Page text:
THE SPIRITUAL RAILWAY – the work of William Harrison?

THE SPIRITUAL RAILWAY

If you visit Ely Cathedral and stroll round the beautiful building you will come across this tombstone attached to a wall. It is in memory of 30 year old William Pickering and 24 year old Richard Edgar who both died on Christmas Eve, December 24th 1845

spiritual railway tombstone close

The inscription reads:

The Line to heaven by Christ was made
With heavenly truth the Rails are laid,
From Earth to Heaven the Line extends,
To Life Eternal where it ends.
Repentance is the Station then
Where Passengers are taken in,
No Fee for them is there to pay,
For Jesus is himself the way.
God’s Word is the first Engineer
It points the way to Heaven so dear,
Through tunnels dark and dreary here
It does the way to Glory steer.
God’s Love the Fire, his Truth the Steam,
Which drives the Engine and the Train,
All you who would to Glory ride,
Must come to Christ, in him abide.
In First and Second, and Third Class,
Repentance, Faith and Holiness,
You must the way to Glory gain
Or you with Christ will not remain.
Come then poor Sinners, now’s the time
At any Station on the Line,
If you’ll repent and turn from sin
The Train will stop and take you in.

The first time I saw it I thought ‘that reads like William Harrison’. I spoke to a few people and their responses ‘sort of’ supported my thoughts – but no-one could tell me who the individuals were or the background to the text.  I set about doing some research and the first thing I established was that it linked to a ‘true’ story – but the facts were not quite right!

Thomas Pickering (not William) was the Engine Driver and Richard Hedger (not Edger) was the Stoker/Fireman on the engine of the 11.15 a.m. up train from Norwich on the 24th December 1845. The engine ran off the line near the foot of a 1¾ mile decline between Harling Road and Thetford on the Norfolk Railway.   The accident is recorded as being caused by the excessive speed of the train on the 1 in 200 falling gradient. Pickering is reported as having been addicted to fast driving. He was killed on the spot. Hedger was seriously injured and died shortly some two hours after the amputation of his leg. However, none of the passengers were seriously hurt in the accident.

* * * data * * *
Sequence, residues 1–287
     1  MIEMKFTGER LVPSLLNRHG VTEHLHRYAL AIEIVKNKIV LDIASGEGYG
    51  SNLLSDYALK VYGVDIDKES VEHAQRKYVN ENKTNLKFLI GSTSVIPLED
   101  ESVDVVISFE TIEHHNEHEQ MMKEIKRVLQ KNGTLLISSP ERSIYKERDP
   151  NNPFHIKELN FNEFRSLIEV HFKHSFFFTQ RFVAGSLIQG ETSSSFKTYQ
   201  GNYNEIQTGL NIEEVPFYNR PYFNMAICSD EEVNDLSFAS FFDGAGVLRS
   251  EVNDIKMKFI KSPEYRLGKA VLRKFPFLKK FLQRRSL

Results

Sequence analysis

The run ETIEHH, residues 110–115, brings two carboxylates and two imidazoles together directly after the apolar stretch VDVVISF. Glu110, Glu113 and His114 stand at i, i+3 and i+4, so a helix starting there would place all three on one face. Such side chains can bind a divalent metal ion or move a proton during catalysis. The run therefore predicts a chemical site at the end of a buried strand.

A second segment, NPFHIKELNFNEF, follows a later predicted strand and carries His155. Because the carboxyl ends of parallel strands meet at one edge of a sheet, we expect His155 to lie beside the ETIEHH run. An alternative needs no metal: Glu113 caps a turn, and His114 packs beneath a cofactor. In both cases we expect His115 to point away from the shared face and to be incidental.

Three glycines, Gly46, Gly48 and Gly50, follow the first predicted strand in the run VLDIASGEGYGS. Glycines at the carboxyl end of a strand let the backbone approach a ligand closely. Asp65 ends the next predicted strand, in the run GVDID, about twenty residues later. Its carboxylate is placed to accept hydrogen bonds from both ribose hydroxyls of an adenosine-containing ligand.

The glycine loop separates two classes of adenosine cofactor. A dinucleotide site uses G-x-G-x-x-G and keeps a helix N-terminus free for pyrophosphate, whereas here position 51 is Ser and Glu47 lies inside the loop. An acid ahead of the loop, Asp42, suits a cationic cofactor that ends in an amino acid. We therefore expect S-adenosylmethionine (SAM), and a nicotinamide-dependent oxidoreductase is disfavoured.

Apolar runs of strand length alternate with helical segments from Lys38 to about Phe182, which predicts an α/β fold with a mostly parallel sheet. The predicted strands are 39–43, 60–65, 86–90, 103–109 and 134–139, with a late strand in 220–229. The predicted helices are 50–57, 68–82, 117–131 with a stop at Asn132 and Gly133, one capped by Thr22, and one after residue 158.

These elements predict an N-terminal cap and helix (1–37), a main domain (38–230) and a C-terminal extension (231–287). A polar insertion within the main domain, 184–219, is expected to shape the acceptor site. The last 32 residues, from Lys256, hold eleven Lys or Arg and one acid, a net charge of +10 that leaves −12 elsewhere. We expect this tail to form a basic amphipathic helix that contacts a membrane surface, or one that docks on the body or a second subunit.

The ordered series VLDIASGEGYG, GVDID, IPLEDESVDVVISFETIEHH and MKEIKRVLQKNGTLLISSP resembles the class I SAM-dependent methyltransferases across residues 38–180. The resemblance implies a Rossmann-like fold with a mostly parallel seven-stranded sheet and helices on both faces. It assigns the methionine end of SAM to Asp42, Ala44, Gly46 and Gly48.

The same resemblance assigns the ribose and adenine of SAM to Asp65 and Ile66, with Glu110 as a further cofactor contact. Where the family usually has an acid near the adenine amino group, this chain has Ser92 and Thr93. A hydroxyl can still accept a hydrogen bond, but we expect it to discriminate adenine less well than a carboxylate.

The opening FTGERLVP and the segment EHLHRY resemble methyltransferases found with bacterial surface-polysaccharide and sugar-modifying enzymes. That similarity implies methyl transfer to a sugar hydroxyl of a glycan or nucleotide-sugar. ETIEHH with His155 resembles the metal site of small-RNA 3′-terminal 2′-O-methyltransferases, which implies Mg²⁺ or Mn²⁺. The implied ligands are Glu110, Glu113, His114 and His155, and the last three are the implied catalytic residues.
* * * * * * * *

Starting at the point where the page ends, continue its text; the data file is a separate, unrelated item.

This information was recorded in the ‘Friends of Ely Cathedral Journal, 20th report 1963 and had been provided to the journal by Mr Bonar of the British Transport Historical Office in Edinburgh who extracted the information from a Board of Trade Accident Report dated 1st January 1946 [sic]. At the end of this article the Editor puzzled over who wrote the lines – his bet was an Evangelical lady – and how they got the names wrong. Five years later in the Friends of Ely Cathedral Year Book, 25th Annual Report 1968 C.P.H. (the Editor?) reported as follows:

‘I gave my vote for an Evangelical lady and I was not far off the mark. For it now appears to be as good as certain that the author was William Harrison – a study Nonconformist and a humble minded man’.  I was reasonably content on this but – what was the reason for the incorrect names? The search for the truth continued and I had correspondence with a number of people on the subject. Then I received the following:

Dear Brian,